|Tampa/St. Petersburg, Florida|
|Channels||Digital: 12 (VHF)|
Virtual: 13 (PSIP)
|Branding||Fox 13 (general)|
Fox 13 News (newscasts)
|Slogan||Tampa Bay's #1 News Station (primary)|
The One to Watch (secondary)
|Owner||Fox Television Stations|
(a subsidiary of Fox Corporation)
(New World Communications of Tampa, Inc.)
First air date
|April 1, 1955|
Former channel number(s)
Call sign meaning
*Walter Tison and
(original owner and his wife)
|HAAT||436 m (1,430 ft)|
Public license information
WTVT, virtual channel 13 (VHF digital channel 12), is a Fox owned-and-operated television station licensed to Tampa, Florida, United States and also serving the nearby city of St. Petersburg. The station is owned by the Fox Television Stations subsidiary of Fox Corporation. WTVT's studios are located on West Kennedy Boulevard in Tampa, and its transmitter is located in Riverview.
The station first signed on the air on April 1, 1955, becoming the third television station in Tampa Bay (after WSUN-TV--channel 38, frequency now occupied by WTTA, and WFLA-TV, channel 8), it is also currently the second-oldest surviving station in the market (behind WFLA). Operating as a CBS affiliate, WTVT was originally owned by Tampa Bay radio veteran Walter Tison and his Tampa Television Company. The Federal Communications Commission originally awarded the construction permit to build a station on channel 13 to the now-defunct Tampa Times newspaper, which owned WDAE radio (then at 1250 AM, now at 620 AM). However, the FCC reversed its decision and awarded the license to the Tison group, which intended to open a studio facility in nearby St. Petersburg. The Times appealed the FCC's decision, but lost. Although it appears that the station's call letters stand for TeleVision Tampa, they actually stand for the initials of Walter Tison and his wife, Virginia. Like many other stations located on "unlucky" channel 13, WTVT used a black cat as its mascot for several years.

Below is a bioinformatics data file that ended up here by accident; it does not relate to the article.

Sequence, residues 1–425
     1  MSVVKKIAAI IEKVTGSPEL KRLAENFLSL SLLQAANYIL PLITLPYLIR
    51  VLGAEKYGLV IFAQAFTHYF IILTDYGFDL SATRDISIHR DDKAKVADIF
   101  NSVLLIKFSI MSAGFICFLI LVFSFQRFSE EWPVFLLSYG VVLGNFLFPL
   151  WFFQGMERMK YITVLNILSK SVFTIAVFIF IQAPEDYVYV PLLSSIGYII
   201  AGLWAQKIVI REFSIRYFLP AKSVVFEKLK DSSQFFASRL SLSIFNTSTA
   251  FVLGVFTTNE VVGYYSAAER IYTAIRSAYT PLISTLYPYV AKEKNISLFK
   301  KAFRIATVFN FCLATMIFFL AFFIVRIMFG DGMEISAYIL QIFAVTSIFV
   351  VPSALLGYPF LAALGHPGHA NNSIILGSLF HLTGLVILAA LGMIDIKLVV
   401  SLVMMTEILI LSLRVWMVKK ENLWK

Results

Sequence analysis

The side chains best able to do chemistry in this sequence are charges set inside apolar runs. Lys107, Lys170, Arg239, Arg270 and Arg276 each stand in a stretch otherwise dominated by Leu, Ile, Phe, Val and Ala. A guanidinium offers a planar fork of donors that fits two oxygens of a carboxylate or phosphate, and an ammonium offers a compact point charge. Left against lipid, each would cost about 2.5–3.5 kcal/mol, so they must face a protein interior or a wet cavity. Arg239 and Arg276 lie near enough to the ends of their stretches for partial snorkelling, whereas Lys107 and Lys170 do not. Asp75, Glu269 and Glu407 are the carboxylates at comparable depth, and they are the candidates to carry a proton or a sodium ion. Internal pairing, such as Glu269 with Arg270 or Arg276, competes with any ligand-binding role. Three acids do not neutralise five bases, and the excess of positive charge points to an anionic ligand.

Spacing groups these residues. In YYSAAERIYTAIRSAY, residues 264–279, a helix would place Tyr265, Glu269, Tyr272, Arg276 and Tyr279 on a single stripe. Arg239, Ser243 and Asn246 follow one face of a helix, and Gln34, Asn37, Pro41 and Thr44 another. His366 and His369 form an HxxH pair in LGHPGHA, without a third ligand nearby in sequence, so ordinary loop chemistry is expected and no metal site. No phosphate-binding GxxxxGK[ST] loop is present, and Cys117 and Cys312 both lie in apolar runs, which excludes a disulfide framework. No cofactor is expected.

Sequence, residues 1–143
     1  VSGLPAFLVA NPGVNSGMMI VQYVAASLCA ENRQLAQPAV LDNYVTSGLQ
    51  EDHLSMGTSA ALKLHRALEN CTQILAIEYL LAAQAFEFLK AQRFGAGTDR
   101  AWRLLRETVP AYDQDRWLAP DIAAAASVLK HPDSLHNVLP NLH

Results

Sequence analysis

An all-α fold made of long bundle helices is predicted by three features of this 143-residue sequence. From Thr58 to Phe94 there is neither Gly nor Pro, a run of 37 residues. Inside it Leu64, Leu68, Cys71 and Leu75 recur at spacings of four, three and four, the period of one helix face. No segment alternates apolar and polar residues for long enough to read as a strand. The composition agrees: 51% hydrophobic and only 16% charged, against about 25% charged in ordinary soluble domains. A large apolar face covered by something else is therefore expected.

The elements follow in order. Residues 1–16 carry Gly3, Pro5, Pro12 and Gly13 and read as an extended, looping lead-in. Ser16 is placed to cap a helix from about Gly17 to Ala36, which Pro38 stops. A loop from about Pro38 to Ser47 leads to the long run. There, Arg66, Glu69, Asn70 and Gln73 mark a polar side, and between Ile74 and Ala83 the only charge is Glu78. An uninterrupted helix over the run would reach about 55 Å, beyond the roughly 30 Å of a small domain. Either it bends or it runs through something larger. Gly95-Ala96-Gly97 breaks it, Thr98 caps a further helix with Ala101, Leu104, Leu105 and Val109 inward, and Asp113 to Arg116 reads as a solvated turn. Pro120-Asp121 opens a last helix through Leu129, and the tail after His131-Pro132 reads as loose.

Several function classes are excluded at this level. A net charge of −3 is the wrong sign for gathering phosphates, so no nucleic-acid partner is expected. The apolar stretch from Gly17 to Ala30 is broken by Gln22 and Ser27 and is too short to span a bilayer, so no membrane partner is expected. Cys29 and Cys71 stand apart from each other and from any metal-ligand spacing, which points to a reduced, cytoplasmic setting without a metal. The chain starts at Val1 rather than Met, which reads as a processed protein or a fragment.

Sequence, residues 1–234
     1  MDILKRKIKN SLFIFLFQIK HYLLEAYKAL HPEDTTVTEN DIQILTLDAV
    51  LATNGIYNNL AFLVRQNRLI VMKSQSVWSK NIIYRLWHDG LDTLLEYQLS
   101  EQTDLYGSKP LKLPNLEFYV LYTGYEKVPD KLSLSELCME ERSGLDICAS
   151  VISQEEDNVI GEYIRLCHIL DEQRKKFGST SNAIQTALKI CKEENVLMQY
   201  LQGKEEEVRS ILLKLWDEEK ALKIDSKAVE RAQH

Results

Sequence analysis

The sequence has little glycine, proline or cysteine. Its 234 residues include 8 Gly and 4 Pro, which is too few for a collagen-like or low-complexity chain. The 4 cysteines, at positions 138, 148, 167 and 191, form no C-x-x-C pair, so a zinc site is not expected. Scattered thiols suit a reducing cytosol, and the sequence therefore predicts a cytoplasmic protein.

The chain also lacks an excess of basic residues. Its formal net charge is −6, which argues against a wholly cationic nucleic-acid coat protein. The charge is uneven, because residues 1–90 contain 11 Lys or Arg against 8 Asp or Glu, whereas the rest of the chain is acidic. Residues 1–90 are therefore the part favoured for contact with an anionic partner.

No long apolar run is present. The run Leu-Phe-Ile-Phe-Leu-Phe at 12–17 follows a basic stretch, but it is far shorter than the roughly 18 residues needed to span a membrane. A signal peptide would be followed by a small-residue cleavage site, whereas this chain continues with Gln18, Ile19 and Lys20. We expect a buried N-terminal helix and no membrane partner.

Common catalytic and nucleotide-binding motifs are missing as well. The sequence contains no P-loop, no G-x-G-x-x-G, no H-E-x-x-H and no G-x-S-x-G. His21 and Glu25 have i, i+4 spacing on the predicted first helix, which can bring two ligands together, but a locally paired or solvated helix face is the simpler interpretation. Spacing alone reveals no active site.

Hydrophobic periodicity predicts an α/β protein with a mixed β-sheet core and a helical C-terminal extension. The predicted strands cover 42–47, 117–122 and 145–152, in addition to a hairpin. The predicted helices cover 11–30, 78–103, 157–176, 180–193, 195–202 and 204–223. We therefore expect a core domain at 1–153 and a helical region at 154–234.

In 1956, the Tampa Television Company merged with the Oklahoma City-based Oklahoma Publishing Company. OPUBCO's broadcasting subsidiary, the WKY Radiophone Company, would later be known as Gaylord Broadcasting, named for the family that owned the company (Gaylord also owned what is present-day CBS O&O KTVT in Fort Worth, but the "TVT" base callsign was only a coincidence).
The station's remote broadcast facilities were chosen for network pool coverage of Alan Shepard and John Glenn's Mercury capsule splashdowns (in 1961 and 1962, respectively). The mobile unit recorded the recoveries on videotapes that were flown to the mainland.